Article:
The ancient Greeks had it right—creating healing spaces that reduce stress and generate hope are instrumental in the healing process. I like to think that we are continuing the ancient Greeks’ mission though our research, education, and advocacy of evidence-based design (EBD) and the profound effect the built environment has on outcomes. 

You have likely noticed more of your colleagues incorporating EBD into all of their projects and decisions. Individuals as well as organizations are seeing the value of EDAC certification.

Did you know that organizations that commit 25% of their staff to EDAC certification become EDAC Advocate Firms, and have many benefits including discounts on EDAC Study Guides as well as the exam?  

Just recently, the EDAC advocacy movement took an international turn. ArchiMed in Denmark, started by CEO Pernille Weiss Terkildsen, became an EDAC Advocate firm to “be a part of a global network of evidence-based design experts that play a key-role in making the world more sustainable and healthy.”  

ArchiMed employs individuals from many disciplines in the healthcare industry, including architects and healthcare professionals, along with engineers and academics, all with the common goal—designing patient-focused buildings built using evidence-based design principles. 

As an EDAC Advocate firm, ArchiMed committed 25% of its staff to take and pass the EDAC exam within one year.  

“It is important the whole staff understand evidence-based design principles and are able to explain to clients why some hospital designs work better than others,” Pernille told us recently. “Being EDAC certified facilitates EBD discussions and decision-making and is the foundation that provides a shared language in a very complex system of hospitals and healthcare systems.”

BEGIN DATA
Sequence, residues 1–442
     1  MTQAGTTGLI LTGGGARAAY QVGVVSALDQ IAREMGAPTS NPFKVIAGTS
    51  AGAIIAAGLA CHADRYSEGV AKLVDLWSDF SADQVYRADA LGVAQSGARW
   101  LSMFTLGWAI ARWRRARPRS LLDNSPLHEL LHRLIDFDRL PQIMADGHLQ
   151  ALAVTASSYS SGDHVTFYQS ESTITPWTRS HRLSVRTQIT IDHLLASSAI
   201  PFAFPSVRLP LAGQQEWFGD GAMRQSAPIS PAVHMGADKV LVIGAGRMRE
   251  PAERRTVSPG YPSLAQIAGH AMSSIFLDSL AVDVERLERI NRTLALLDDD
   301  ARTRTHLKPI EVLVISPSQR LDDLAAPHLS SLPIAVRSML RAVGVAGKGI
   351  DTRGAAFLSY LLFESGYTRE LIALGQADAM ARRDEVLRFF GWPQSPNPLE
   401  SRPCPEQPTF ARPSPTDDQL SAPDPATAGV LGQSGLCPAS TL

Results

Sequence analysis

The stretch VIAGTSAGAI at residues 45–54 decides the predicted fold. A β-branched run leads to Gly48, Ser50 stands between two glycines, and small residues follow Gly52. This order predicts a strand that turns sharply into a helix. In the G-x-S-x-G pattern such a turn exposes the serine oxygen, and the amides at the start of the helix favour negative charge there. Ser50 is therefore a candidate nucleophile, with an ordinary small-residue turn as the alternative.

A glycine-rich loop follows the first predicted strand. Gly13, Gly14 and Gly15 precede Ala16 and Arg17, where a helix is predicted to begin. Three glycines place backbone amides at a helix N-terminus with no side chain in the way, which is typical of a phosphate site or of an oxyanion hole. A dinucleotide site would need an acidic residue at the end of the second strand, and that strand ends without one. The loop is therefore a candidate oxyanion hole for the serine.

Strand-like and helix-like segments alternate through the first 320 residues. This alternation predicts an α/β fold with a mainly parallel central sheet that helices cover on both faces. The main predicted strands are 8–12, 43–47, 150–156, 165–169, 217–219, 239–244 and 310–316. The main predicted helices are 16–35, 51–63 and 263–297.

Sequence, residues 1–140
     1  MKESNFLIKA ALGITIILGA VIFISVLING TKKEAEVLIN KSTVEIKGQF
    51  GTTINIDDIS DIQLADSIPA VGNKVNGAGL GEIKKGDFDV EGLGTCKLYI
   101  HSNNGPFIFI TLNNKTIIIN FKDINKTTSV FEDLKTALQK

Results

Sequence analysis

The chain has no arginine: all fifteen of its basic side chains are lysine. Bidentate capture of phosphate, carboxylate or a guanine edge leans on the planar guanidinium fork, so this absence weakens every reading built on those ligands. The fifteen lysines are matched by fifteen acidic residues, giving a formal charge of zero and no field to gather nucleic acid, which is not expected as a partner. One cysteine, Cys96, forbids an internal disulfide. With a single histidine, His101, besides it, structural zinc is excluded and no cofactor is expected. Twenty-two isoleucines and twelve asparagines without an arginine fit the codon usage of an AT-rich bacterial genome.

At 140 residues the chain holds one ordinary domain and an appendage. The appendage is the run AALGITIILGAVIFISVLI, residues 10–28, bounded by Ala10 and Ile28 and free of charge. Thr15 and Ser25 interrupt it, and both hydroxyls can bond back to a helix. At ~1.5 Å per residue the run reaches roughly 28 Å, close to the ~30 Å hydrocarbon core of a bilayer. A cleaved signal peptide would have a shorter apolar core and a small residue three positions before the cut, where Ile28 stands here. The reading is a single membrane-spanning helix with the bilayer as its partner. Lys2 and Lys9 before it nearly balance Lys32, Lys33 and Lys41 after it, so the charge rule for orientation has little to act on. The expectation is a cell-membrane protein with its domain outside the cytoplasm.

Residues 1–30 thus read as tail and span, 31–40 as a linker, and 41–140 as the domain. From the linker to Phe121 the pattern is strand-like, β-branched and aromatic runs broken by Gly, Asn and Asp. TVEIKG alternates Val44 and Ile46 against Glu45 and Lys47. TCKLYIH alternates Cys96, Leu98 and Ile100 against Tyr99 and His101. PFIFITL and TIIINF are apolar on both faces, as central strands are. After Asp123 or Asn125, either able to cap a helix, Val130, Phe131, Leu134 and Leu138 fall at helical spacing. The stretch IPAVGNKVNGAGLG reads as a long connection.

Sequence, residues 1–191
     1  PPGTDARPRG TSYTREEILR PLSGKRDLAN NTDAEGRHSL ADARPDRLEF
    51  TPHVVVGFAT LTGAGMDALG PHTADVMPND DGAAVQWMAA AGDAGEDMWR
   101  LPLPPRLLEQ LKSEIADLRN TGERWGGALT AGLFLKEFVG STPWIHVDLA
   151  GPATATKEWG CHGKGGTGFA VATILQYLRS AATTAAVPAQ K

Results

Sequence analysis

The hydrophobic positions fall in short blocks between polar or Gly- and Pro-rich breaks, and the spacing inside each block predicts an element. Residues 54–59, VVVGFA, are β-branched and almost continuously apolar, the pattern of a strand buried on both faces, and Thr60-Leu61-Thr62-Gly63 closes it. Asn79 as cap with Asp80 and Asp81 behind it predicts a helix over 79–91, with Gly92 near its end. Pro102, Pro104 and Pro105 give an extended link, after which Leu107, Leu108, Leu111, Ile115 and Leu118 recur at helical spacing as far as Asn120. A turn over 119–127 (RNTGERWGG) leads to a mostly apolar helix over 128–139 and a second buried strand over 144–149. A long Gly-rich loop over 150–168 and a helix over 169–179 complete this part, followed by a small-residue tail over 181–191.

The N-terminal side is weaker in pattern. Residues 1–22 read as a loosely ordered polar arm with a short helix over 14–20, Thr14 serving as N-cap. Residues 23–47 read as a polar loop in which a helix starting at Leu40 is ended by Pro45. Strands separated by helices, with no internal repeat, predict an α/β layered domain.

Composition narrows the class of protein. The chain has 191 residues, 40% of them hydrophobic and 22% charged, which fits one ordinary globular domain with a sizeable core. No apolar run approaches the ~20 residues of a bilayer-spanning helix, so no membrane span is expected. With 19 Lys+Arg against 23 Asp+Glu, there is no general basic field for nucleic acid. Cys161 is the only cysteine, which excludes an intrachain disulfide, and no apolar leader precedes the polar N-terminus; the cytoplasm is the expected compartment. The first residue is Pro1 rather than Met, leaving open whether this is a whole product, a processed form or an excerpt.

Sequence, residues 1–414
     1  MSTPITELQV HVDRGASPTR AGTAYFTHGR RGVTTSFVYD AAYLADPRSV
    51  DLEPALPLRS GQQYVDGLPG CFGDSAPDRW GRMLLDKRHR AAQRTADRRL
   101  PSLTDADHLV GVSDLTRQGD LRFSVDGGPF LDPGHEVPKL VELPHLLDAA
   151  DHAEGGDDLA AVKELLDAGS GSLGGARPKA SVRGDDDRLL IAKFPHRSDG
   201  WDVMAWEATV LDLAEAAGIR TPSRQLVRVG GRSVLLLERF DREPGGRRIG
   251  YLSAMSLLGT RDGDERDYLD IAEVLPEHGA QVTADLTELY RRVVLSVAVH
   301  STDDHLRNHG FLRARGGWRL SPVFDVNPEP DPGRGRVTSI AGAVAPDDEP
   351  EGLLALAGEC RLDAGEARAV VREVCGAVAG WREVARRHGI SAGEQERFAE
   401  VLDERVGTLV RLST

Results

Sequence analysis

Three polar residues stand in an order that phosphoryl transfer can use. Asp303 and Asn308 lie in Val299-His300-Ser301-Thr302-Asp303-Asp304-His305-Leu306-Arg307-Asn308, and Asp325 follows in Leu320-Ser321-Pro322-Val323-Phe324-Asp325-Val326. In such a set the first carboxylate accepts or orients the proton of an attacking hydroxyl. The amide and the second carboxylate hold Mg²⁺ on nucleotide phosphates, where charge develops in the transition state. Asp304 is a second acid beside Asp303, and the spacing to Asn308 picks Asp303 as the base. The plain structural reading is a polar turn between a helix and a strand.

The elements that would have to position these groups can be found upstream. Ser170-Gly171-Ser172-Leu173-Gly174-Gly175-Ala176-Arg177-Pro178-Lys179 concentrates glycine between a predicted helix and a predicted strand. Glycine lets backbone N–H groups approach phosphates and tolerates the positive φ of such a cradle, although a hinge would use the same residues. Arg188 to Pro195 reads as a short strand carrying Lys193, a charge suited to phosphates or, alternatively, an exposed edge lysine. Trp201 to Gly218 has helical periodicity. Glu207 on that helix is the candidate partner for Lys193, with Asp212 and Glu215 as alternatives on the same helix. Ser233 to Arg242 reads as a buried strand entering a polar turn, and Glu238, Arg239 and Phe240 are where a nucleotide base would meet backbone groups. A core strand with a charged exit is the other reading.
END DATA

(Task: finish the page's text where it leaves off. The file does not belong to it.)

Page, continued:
Currently, several “super hospitals” throughout Denmark are now working with ArchiMed to integrate EBD into their design solutions that create/generate strategic end results.

Is it time your organization considered becoming an EDAC Advocate firm? Click here to learn more. 

Julie Kent is passionate about the intersection between operations and space with a focus on improved performance outcomes. Throughout her 12-year career in healthcare planning, Julie has developed a "systems-based approach" to infusing operational planning and evidence-based design into the strategic visioning, master planning, functional programming, and architectural design process. A senior healthcare planner at Eppstein Uhen Architects, Julie works with hospitals of all sizes throughout the U.S. and Canada. Over the last six years, she has volunteered her time to the development of the EDAC program and is currently the EDAC Advisory Council chair.